cement-dangoteA Chinese state-owned engineering company, Sinoma has signed a deal worth $4.3bn to build Cement factories in Nigeria in partnership with Dangote Cement company. The chines company also plans to build seven plants across the continent and one in Nepal.

The new factories are expected to add around 25 million tonnes to Dangote’s cement company which currently has the capacity of 45 million tonnes.

Mr. Dangote who revealed that Hh is keeping a close eye on China’s economic problems and the ensuing lower oil price said although his company is affected by the economic problems in China, the impact is not overwhelming. “Of course we are affected,” he said, “but we are not badly affected because we are not 100% in oil.

“We are a fully diversified company. So today if oil is doing badly it doesn’t mean we are doing badly and that’s the good thing about diversification.” Africa’s economies have been hit hard by the fall in commodity prices but many are seeing a boom in infrastructure, for which cement is vital.

Buhari-702x336A former deputy governor of Central Bank of Nigeria (CBN), Kingsley Moghalu, has picked holes in President Muhammadu Buhari’s war against corruption, warning that the president’s fixation on stemming fraud in the country may hamper economic growth.

He advised that the government’s attention should also be on economic development of the nation.

In an opinion article sent to the source, the former bank regulator said President Buhari should not give priority to past events against the future of the country.

Mr. Moghalu, who is currently a professor of Practice in International Business and Public Policy at Tufts University’s Fletcher School of Law and Diplomacy in Massachusetts, USA, said, “Buhari has zeroed in (so far) on combating corruption and recovering stolen funds, on the one hand, and preparing to give Boko Haram a bloody nose, on the other” without building a solid foundation for the nation’s economic wellbeing.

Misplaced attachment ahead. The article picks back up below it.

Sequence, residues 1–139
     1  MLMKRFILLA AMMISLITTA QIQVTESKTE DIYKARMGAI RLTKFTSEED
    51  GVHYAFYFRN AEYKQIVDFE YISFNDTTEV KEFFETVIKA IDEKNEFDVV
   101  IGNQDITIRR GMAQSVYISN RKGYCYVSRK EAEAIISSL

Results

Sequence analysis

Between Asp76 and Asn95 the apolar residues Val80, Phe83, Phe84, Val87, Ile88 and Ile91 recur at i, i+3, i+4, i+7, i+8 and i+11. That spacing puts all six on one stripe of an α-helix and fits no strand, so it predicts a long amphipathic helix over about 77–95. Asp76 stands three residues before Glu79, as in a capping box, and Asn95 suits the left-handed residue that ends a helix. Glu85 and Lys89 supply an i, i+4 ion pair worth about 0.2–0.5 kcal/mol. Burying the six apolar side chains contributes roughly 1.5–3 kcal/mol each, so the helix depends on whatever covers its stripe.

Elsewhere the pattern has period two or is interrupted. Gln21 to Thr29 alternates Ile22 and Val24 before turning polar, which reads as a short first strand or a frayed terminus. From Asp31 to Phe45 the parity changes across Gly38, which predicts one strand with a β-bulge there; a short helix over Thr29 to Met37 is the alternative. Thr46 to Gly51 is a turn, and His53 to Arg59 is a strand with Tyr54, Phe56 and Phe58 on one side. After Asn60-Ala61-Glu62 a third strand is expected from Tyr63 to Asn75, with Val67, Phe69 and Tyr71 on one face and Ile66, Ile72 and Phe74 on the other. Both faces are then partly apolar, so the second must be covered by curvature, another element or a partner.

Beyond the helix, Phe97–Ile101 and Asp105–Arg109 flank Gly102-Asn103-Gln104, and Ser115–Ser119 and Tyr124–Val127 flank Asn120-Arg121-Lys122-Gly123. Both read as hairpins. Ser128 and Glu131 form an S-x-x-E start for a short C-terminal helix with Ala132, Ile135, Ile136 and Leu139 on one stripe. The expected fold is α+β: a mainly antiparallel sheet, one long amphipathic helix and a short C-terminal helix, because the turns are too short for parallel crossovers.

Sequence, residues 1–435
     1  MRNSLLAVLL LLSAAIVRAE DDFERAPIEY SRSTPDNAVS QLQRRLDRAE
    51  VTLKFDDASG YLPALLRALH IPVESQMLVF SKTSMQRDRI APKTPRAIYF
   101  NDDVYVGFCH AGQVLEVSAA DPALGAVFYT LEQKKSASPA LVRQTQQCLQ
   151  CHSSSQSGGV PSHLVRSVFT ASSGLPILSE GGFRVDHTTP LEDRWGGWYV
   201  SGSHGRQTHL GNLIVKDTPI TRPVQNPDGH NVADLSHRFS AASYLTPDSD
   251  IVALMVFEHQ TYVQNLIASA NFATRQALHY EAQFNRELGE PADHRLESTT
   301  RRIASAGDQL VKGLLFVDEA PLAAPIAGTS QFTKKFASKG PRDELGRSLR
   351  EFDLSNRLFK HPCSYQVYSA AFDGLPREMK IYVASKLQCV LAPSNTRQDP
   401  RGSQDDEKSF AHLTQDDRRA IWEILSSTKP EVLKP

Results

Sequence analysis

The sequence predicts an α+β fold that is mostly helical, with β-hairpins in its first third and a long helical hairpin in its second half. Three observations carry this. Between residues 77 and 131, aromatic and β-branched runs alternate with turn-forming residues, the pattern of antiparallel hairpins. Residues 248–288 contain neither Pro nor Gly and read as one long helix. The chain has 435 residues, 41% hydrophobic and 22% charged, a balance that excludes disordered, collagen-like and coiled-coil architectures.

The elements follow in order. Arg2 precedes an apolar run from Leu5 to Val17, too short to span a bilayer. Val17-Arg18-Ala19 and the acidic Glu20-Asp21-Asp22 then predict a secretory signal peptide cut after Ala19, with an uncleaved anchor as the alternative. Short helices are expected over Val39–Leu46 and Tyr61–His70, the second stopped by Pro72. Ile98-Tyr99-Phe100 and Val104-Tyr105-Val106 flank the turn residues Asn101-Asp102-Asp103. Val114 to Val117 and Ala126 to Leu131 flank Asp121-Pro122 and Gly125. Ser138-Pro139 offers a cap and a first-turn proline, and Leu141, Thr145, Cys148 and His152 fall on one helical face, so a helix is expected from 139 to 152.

Although he stressed the importance of fighting corruption and Boko Haram, he however called on the president to strike a balance between the fight against the twin malady and building the nation’s economy.

Mr. Moghalu said the emphasis should also be on “how can industrial policy help Nigeria achieve economic complexity and how can we build the ‘productive knowledge’ that is a sine qua non for complexity?

“How can the combination of a real industrial manufacturing economy, which is what determines the real value of a country’s exchange rate, combine with fiscal policy to incentivize a monetary policy that creates access to real capital at affordable prices? In other words, how can we put capital into our capitalism?”

The former banker said although there is no contention about the importance of security or combating corruption, but the task of building the future is also of paramount importance.

“But there is some dissonance on the matter of the balance between focusing heavily on probing and punishing past corruption and the task of constructing a future that can take us from being a poor country to a truly wealthy one, from a physical country to a real nation with a common goal and destiny. What is the balance between facing the past and building the future?” he asked.

Mr. Moghalu cautioned that once Mr. Buhari deals with “certain categories of past crimes (as opposed to present crimes) such as war crimes or governmental corruption, it all becomes political and prone (rightly or wrongly) to perceptions of selectivity.”

Giving copious examples to bolster his argument, Mr. Moghalu explained that there is corruption in many Asian countries but they look beyond it for economic prosperity.

“In China, Deng Xiaoping began a period of stunning economic transformation in the late 1970s which fundamentally altered China’s communist state to a capitalist one, unleashing the latent productivity of over one billion Chinese. This was a fundamental redesign of the basics on which modern China was established in 1949 by Mao Zedung after a debilitating civil war. Today, China is the world’s second largest economy, set to overtake the United States as the largest in the next two decades. Corruption has risen, along with China’s meteoric ascent, but President Xi Jin Ping is fighting back, with success. But wide scale corruption has not stopped China’s rise, even as it is rightly considered a strategic threat. Why? Because 400 million Chinese have been lifted out of poverty in the past three decades.

“Malaysia, with 27 million people is a rising emerging market that, in the early 1960s was well behind Nigeria in terms of economic prospects. Today it is a newly industrialized country with a GDP per capita of $11,000 (compared with Nigeria’s $3,000), foreign reserves of $100 billion, and a sovereign wealth fund with $41 billion in assets.